Because neither material is fissionable by thermal neutrons, to date there has been limited use for neptunium or americium, and generally they are not separated from fission products: they are either contained within spent fuel or, if reprocessing is undertaken, mostly end up in the waste stream. Both materials have been separated in significant quantities only by the nuclear-weapon States (mainly the US and Russia) for specialised applications. Separated neptunium is used for the production of plutonium-238, which is used in thermo-electrical generating systems for satellites and heart pace-makers. Separated americium is widely used in smoke detectors. Both materials are also used as industrial radioisotopes, e.g. in borehole logging equipment and in instruments for measuring the thickness of processed metals.

Only very small quantities of neptunium and americium have been separated in the non-nuclear-weapon States. Separation in significant quantities would require substantial quantities of spent fuel and a reprocessing programthere are few NNWS in this situation, and there has been no incentive to separate these materials, because the tiny amounts required for research or for the commercial applications mentioned above have been available from NWS. Nonetheless, because these materials are fissionable, and because of ongoing research into their possible separation for transmutation, in recent years interested States and the IAEA have been considering how they should be managed from the safeguards perspective. ASNO identified this issue early on and has played an active part in the ensuing deliberations.

The matter was considered by the IAEAs Board of Governors in September 1999. In the case of neptunium, the Board decided it is of little proliferation risk in current circumstances, where there are only very small quantities of separated neptunium in the NNWS. The Board decided to establish arrangements to monitor international transfers of neptunium and to verify there is no undeclared separation of neptunium in NNWS. If a significant change in the current situation appears likely the Board will consider the matter further, including whether formal extension of safeguards to neptunium is warranted. The Board considered that the proliferation risk posed by americium is even lower than for neptunium. Not only are there very limited quantities of separated americium in NNWS, but major heat and radiation problems would make any attempted explosive use extremely difficult. Accordingly, the Board asked the IAEA Secretariat to keep the situation under review and report to it if appropriate.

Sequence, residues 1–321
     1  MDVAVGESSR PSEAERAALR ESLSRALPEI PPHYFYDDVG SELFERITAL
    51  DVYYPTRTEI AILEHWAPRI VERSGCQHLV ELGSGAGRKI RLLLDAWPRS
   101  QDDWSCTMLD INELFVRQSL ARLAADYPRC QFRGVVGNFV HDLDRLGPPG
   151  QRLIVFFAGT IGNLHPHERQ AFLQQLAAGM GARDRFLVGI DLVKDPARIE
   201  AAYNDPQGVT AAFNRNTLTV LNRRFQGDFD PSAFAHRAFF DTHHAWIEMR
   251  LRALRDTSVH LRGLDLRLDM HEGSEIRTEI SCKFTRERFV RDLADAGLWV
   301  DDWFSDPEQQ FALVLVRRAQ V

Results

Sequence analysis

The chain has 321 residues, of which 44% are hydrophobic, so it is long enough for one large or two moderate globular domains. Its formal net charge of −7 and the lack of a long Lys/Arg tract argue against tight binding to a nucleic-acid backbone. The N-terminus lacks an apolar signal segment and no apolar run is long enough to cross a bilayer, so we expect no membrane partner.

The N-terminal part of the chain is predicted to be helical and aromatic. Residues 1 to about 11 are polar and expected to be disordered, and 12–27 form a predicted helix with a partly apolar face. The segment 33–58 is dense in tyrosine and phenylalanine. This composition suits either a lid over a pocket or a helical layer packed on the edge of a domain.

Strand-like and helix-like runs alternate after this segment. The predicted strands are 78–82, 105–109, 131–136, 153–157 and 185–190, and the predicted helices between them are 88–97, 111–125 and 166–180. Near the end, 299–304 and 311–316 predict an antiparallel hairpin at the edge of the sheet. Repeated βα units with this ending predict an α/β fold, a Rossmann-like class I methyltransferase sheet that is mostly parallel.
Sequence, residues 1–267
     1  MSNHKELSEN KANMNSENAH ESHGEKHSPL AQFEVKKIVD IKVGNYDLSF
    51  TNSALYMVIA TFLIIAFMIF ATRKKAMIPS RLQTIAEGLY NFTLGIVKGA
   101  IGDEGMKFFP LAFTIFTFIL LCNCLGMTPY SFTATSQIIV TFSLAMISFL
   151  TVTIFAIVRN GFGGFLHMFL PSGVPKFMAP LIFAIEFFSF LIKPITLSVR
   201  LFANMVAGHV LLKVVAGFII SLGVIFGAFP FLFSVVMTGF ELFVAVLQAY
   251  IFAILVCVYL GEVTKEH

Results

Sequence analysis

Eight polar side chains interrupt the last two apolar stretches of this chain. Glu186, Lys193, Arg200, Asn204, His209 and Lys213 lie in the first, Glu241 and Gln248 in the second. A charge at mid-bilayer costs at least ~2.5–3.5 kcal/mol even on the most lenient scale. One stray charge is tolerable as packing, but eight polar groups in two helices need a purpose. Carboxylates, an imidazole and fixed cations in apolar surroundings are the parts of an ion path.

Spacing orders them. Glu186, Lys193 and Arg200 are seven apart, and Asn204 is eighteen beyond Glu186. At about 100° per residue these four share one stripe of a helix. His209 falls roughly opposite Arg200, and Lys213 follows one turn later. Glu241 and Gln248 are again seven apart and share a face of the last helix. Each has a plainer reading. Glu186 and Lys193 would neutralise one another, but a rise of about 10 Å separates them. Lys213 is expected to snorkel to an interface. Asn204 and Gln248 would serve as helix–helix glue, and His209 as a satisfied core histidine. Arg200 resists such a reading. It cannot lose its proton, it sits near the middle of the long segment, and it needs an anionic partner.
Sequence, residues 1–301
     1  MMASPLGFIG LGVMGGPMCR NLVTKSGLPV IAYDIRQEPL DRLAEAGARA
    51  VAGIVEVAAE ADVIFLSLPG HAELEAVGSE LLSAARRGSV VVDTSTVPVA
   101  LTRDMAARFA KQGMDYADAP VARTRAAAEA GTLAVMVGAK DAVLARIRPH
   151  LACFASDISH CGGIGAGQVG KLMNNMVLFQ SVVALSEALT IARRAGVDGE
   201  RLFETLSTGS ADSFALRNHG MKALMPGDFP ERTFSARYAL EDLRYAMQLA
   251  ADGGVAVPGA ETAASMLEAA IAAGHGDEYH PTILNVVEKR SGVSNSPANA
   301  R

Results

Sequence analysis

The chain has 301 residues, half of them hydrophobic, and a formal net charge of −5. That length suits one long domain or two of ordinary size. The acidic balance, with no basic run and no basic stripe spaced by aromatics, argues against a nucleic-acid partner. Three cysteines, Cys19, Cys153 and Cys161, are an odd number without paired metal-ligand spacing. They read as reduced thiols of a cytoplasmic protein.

Australia agrees with other Board Members that this is a pragmatic approach in current circumstances, considering the limited quantities of these materials in separated form in NNWS and considering also the uncertainty that significant quantities will be separated in the future. Delays in the development of fast neutron reactors obviously impacts on the interest in separating these materialsand if transmutation programs do proceed, it is possible transmutation could be effected without actually separating the materials, e.g. they could be separated from fission products but remain in stream with plutonium and uranium, covered by the safeguards measures on those materials.

Since all spent fuel contains neptunium and americium, clearly a proportion of these materials in spent fuel is derived from AONM. Accordingly Australia has discussed this matter with relevant bilateral partners, i.e. those that reprocess AONMUK, France and Japan. Discussions have also been held with the US and with the IAEA. Through these discussions ASNO has established that no neptunium or americium has been separated from AONM. The situation will be kept under review, and Australia will take an active part in any further IAEA Board consideration of this matter. While extension of our bilateral agreements to include these materials is a possibility if they become safeguardable materials, this is not expected to occur for many years, if at all.

[11]. Time periods taken from Radioactive Waste ManagementAn IAEA Source Book, 1992 (figures 7 and 8).

[12]. The Oklo natural reactors evolved 1.8 billion years ago, at a time when the content of the fissile isotope uranium-235 in natural uranium was much higher than it is todayaround 3%, similar to the level in LEU used in light water reactors. Water saturation of the uranium ore bodies created the conditions for a self-sustained chain reactionthe resulting heat evaporated the water, bringing the chain reaction to a halt. This process repeated itself over many thousands of years, creating natural deposits of fission products and plutonium normally found only in spent reactor fuel. The movement of these radiotoxic materials through the ore bodies has been limited to only a metre or so, providing practical evidence that such materials can be successfully isolated for periods well in excess of that necessary for the protection of the biosphere.